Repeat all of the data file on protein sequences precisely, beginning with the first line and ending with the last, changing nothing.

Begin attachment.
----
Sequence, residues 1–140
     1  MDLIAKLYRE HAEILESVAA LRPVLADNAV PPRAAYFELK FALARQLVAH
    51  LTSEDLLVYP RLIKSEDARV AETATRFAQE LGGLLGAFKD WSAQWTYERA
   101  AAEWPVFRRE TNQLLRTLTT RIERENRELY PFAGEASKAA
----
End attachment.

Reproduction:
Sequence, residues 1–140
     1  MDLIAKLYRE HAEILESVAA LRPVLADNAV PPRAAYFELK FALARQLVAH
    51  LTSEDLLVYP RLIKSEDARV AETATRFAQE LGGLLGAFKD WSAQWTYERA
   101  AAEWPVFRRE TNQLLRTLTT RIERENRELY PFAGEASKAA